My ultimate goal in the microscopy project was to produce abstractions without any apparent derivation, using detritus from the corners of rooms and shower drains. I could talk at length about emotional content, the energy, color balance, tension, the sheer poetry of the pieces, but that's the given domain of the artist. And sometimes we talk too much. Talking about, perhaps clarifying, the techniques needed to make these images is another matter. So here's some information: I use a regularlab microscope with three ports, two for ocular lenses and one for a camera. In this case, the camera was designed for this microscope. The microscope has a 4-lens turret including a 100x oil immersion lens. By simply rotating the turret you can position the lens you wish to use.
The camera is attached by an interface cable to a laptop computer. By necessity I'm using an older Lenovo with barely enough RAM to handle the largish files it's dealing with. However, it has more than adequate hard drive space for the storage of my images. And I can always add memory.
In the computer I have a proprietary software program that allows me to control the appearance of the image in the same way AdobePhotoshop does. But I try to minimize the amount of manipulation for any given image because each act moves me one step further from a natural result. If you want pure design, manipulate away, but chances are your art will go out the window. However, there is one process I use extensively. It's termed EDF, standing for “Enhanced Depth of Focus”, and it's a very useful tool.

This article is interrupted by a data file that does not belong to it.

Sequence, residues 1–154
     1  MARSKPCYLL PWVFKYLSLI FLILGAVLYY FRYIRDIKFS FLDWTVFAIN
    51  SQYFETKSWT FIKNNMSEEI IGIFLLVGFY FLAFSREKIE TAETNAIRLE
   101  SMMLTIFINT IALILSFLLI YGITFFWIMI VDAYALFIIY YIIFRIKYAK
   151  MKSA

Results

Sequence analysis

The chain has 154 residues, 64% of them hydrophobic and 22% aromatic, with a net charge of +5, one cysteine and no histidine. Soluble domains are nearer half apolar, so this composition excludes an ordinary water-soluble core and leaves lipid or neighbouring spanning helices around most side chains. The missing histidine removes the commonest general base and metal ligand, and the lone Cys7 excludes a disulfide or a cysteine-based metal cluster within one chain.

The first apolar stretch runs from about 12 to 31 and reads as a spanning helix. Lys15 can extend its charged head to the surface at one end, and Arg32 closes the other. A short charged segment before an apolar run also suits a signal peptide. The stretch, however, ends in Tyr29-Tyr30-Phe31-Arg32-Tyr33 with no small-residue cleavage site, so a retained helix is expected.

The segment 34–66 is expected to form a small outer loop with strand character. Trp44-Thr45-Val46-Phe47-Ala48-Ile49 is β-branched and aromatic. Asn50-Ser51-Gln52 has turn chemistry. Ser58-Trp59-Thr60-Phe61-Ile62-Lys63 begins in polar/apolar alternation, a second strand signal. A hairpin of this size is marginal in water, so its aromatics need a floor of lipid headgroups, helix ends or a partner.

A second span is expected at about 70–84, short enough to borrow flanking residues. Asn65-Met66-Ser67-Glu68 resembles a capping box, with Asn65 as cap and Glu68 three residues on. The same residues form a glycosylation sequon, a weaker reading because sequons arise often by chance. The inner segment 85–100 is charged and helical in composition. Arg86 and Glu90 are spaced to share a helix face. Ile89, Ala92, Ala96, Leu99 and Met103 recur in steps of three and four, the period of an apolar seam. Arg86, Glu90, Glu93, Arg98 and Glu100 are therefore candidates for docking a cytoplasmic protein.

Unlike a camera, a microscope has no iris diaphram; thus, little or no depth of field. At higher magnifications that becomes a real problem when photographing subjects with multiple layers. An example is Abstract 23, the horizontal piece with the bright golden fibers. That's human hair, at about 600 times magnification. At that magnification only a very small portion of surface will be in focus at one time; the rest a blur. But in this photo you see all the subject fiber in focus. This was accomplished by focusing on the surface furthest away, making an exposure, adjusting the focus slightly, making another exposure, and so on, until the entire subject has been captured, in focus. Then the resultant images are fused into one, and each small in-focus area combines to create the whole. It took 60 exposures to make this image as you see it. It's worth noting that almost all of the pieces comprising this show were created with multiple exposures; as few as 6, as many as 30, excepting Abstract 23.
Because, as a painter, it is just me and the paint and the surface, I am constantly aware of the fact that the only way to the art in the microscope is to be so adept as to be able to lose myself in those lenses. Down the wormhole and, hopefully, out the other end, without the restrictions of “What do I do next?” dragging me back to the world I just left. I think I got through a few times.
I've worked very hard to make these images to share with you, though I couldn't do less. Please enjoy them, and take your time. There's a whole beautiful world “Beneath Our Feet”.